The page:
Help us achieve our goals:
make a donation »
Join the RHS today and support our charity
Free personalised gardening advice
RHS members get reduced ticket prices
RHS members get free access to RHS Gardens
Reduced prices on RHS Garden courses and workshops
020 3176 5800
Mon – Fri | 9am – 5pm
Make a donation
I have forgotten my password
Keep me signed in
Register for free to receive our newsletters, add comments to blogs/articles and to save content.
See what events are on near you and browse your bookmarked pages.
Honeyberries are fruit of forms of the honeysuckle Lonicera caerulea, also known as blue honeysuckle or edible honeysuckle. The fruits are very similar to blueberries in taste and looks, and can be eaten raw or used in jams and jellies. Like blueberries they are high in antioxidants and vitamin C and make an interesting addition to your fruit collection.
Honeyberry is relatively a new introduction into the UK. They are native to Siberia, northern China and northern Japan where they were widely harvested. Ideally honeyberries should be planted in pairs or groups, as this will increase the rate of pollination and fruit production. Some suppliers sell them in pairs.
Young plants only need dead material removed for the first three years while they get established. For more established honeyberries, pruning should be done in early to mid-summer after harvesting;
It may be worth considering pollination by hand to increase yield of fruit. They flower late winter to very early spring when there is little pollinating insect activity. Hand pollination can be done by lightly brushing over the flowers with a small, soft paint brush.
The fruit is harvested about late-spring early-summer. The berries turns blue and develops a whitish bloom when ripe; however check to make sure that the flesh is purple-red as green under-ripe fruits can be very sour. A mature plant can produce about 6kg of fruit. It can take up to two years before you will get a crop.
Honeyberry is easily propagated by seed; the pulp around the seed needs to be removed before they are sown in moist, warm conditions during the summer. There is no need for any cold stratification of the seed.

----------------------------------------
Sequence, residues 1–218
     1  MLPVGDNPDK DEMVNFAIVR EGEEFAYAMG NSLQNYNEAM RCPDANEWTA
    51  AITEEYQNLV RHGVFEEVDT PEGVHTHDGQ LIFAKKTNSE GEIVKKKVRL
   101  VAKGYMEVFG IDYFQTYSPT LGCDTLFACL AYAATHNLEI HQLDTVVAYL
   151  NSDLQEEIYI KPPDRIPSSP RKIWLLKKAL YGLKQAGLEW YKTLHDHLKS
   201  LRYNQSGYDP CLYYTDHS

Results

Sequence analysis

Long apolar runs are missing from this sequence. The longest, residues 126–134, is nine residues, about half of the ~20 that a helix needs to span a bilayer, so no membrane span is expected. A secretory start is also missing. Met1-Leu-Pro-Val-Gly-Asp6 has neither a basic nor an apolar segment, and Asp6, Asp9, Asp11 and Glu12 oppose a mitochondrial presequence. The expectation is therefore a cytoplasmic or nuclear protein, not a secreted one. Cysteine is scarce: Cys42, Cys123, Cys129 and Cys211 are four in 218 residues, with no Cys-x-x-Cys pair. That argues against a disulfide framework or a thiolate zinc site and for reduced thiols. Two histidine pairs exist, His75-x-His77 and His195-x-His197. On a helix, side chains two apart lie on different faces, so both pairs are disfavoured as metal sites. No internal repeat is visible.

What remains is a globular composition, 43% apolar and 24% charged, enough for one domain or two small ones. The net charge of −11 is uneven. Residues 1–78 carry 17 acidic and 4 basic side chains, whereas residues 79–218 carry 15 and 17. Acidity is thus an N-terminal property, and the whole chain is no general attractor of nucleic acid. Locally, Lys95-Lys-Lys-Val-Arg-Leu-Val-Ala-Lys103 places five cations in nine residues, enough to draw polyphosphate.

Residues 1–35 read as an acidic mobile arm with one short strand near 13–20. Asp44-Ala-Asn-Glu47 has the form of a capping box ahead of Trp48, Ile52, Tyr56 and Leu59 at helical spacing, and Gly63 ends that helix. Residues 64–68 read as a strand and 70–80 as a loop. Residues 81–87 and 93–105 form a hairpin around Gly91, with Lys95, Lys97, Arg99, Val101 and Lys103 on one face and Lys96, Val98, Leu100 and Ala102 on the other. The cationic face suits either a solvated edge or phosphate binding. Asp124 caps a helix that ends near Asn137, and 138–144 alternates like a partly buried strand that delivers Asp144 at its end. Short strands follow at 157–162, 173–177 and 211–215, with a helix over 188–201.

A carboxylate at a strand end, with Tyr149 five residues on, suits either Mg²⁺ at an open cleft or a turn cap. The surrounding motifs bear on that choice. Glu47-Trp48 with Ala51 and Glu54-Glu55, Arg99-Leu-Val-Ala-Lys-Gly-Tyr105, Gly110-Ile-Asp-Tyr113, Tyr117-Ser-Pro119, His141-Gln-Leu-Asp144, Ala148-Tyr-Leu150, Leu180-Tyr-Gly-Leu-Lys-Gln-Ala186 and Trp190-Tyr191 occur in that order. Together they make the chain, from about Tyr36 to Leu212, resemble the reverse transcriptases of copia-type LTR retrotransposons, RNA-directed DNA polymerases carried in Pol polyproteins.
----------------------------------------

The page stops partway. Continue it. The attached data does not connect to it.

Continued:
Using cuttings as your method of propagation gives you the ability to select material from your tastiest shrub and be certain of the sex of the cutting. Semi-ripe cutting can be taken during summer from none-fruiting stems. Hardwood cuttings can be taken in late-autumn winter.
There is little written on the differences between the forms of honeyberry (it is such a new crop) at this stage and taste can be quite variable. However, the best eating varieties are considered to be forms of Lonicera caerulea var. edulis and L. caerulea var. kamtschatica;
They are very hardy and do not generally suffer from any pest and disease.
Hazard: All honeysuckles have berries but not all of them are edible. In fact, many are potentially harmful. So check labelling and make sure you are growing the correct type.
Blackberries and hybrid berriesBlueberriesHedgerow fruitHoneysuckle (Lonicera)Goji berriesRaspberry
the RHS today and get 12 months for the price of 9
RHS members can get exclusive individual advice from the RHS Gardening Advice team.
Register for the site or sign in to share your experiences on this topic and seek advice from our community of gardeners.
We're a UK charity established to share the best in gardening. We want to enrich everyone's life through plants, and make the UK a greener and more beautiful place.
Join the RHS today and get 12 months for the price of 9